If you’ve recently lost your job, it’s likely you’re asking some pretty serious questions: Why did this happen to me? What am I going to do next? How long can I make it? These are natural early responder questions that we ask ourselves when any crisis comes our way. Just under the skin of some of these questions may lay some serious resentment. You may be experiencing feelings of betrayal, anger and despair. Betrayal that someone didn’t come through for you as expected. Anger that you are paying the cost the for company mismanagement. Despair that you’re not sure what to do next, how to do it or how long all the uncertainty will last. Life, as you knew it, got unexpectedly put on hold. I know about these things. Intimately.
A number of years ago, when I was in corporate America, I experienced this emotional trifecta. The business unit that I had founded and led was being dissolved as part of a larger restructuring. Up to that point, I was having the time of my life, leading one of the best teams I’ve ever worked with to package and deliver software in a way that the company had never done before. I had plenty of reason to harbor resentment—and for a long time, I did.
About six months later, after I started my own business, I noticed something peculiar. My zeal and enthusiasm for my work was beginning to return. Creative ideas about possible ventures and opportunities were beginning to flow as if a faucet had suddenly been opened. My old self was back and I wondered where I had been. With the newfound ideas came a renewed sense of freedom. I didn’t need to have my ideas approved by anyone. Just me. That was when it occurred to me—I was detoxifying from my previous employer. Unwittingly, my thinking had been constrained to the practicalities and politics of the corporate culture I served. Absent of that culture, ideas began to flow and so did my joy.
Since then, I’ve talked about the need to detoxify with a lot of people who have experienced job loss. It’s one of the most important first steps you can take when you get a “notice.” In fact, failure to enter detox can severely limit your future opportunities. As Alexander Graham Bell wrote, “When one door closes, another opens; but we often look so long and so regretfully upon the closed door that we do not see the one which has opened for us.”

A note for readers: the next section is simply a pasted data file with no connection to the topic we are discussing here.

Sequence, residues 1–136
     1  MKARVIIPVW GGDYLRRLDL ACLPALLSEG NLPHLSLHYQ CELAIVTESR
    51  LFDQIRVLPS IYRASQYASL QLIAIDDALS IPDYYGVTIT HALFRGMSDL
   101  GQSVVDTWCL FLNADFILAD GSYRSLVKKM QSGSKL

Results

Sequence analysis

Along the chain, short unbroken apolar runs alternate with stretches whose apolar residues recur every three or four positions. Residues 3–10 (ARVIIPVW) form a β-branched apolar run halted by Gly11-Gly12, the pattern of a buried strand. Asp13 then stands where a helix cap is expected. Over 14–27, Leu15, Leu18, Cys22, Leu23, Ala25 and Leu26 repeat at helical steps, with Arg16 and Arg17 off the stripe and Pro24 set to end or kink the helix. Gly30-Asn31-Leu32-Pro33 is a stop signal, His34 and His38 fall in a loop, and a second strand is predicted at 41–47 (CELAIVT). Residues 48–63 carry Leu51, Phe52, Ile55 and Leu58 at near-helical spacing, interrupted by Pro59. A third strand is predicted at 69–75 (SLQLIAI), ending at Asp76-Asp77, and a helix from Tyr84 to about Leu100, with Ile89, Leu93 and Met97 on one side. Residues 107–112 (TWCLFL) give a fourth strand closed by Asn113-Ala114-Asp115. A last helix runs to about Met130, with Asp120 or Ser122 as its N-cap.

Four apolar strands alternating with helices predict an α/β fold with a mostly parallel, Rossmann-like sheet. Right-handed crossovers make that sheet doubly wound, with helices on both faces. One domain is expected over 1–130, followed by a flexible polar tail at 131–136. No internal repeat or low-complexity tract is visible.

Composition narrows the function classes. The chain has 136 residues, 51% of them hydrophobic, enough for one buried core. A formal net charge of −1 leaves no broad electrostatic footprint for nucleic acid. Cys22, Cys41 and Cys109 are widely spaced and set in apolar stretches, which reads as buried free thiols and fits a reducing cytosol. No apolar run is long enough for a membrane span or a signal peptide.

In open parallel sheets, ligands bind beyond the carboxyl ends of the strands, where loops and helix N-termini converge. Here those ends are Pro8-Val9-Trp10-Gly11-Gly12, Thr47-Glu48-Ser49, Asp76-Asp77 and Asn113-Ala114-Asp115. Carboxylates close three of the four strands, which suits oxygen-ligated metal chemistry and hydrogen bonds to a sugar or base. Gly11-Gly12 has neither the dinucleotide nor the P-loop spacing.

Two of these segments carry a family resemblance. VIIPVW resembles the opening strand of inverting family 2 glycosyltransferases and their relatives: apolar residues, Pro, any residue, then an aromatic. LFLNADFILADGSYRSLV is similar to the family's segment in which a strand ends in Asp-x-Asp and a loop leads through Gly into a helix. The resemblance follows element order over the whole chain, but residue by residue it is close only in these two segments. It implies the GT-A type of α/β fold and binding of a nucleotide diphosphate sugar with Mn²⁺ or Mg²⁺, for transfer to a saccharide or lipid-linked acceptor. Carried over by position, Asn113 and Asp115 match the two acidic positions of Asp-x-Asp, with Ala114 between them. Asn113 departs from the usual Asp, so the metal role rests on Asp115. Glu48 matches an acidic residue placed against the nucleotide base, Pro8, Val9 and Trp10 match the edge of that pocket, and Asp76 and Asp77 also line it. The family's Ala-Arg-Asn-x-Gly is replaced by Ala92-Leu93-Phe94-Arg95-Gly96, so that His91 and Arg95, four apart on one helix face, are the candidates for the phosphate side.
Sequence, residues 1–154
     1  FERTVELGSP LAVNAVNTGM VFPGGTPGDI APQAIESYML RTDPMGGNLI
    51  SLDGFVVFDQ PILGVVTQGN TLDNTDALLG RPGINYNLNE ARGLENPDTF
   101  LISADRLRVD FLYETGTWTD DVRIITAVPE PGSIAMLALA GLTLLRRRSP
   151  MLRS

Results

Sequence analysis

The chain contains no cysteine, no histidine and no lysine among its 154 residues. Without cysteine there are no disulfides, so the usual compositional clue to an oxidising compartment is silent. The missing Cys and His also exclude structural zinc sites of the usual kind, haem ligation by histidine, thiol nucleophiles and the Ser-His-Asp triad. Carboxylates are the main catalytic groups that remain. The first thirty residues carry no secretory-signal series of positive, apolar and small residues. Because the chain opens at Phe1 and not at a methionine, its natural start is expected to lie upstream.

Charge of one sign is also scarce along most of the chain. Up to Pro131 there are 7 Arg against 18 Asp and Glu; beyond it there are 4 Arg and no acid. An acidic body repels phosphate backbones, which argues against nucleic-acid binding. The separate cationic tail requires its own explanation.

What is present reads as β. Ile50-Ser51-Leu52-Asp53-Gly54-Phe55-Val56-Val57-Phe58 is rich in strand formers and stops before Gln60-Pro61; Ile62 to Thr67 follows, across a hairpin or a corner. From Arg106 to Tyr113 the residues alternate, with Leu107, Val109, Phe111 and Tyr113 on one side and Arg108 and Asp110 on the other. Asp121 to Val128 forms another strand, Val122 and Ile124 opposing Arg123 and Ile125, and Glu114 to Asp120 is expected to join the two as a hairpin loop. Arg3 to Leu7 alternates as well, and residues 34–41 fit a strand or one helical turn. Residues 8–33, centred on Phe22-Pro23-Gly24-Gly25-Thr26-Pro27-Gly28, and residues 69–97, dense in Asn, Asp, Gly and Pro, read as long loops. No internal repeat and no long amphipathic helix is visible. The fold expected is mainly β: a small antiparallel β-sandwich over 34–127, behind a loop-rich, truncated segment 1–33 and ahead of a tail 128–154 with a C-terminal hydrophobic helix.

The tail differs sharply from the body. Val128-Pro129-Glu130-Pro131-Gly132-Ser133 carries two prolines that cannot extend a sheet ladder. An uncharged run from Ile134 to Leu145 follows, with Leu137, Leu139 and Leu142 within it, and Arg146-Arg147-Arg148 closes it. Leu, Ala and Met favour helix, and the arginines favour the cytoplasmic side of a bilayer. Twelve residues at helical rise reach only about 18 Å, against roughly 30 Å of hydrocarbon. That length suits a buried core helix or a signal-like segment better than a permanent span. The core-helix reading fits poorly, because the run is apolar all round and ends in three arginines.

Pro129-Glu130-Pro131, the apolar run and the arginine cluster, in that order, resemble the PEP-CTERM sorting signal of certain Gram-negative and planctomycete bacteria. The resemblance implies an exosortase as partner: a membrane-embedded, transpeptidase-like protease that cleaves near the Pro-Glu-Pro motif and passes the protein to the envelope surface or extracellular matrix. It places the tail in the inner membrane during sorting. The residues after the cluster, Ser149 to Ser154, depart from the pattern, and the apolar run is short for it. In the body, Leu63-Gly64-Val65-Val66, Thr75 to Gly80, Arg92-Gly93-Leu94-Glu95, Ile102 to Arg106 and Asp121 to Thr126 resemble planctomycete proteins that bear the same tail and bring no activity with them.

Based on my experience here are five things you can do to detoxify from your last work experience:
- Immediately stop asking “why.” Why questions are largely unanswerable and patently unhelpful. They either lead to resentment (“Why did/didn’t they…”) or regret (“Why did/didn’t I…) and only serve to add more toxins to your thinking. For more thoughts on this, read my post, “Did you just hit a pothole?”
- Practice telling yourself the truth. One of the attributes of a toxic environment is that it perpetuates mistruth—those lies and half-truths that diminish your value and worth. Politically charged or highly dysfunctional environments are especially hostile breeding grounds for mistruth. Let’s face it, you’re not indispensable, but neither are you without significant value.
- Actively engage in community. One of the best ways you can practice truth telling is in the presence of community. Meet with friends and others who will ask forward-thinking questions, challenge your assumptions, and offer helpful resources to get you thinking creatively about your next opportunity. As much as possible, avoid hanging out with other displaced co-workers. Too often, the gatherings of the “ex’s” turn out to be gripe sessions that only stir up more toxins.
- Rediscover your purpose. A positive community can play an important role in helping you rediscover what really makes you tick. Invest time to pray, think and experiment with new ideas, asking for help from your community along the way. My post “Lost your job? Don’t make that call…just yet” explores this theme further.
- Own your own stuff. Finally, reclaim full responsibility for your future. Begin to see yourself not as an employee or prospective employee but as the owner of a business—you. As a CEO and owner of your business, you make the decisions about how you serve your clients, either as a one-client employment relationship or a multi-client contractor arrangement. Over the next several weeks, I’ll be posting about how you can engage yourself as the CEO of You, Inc.
Help add to my list. What are some of the things you’ve done to detoxify from a prior work environment?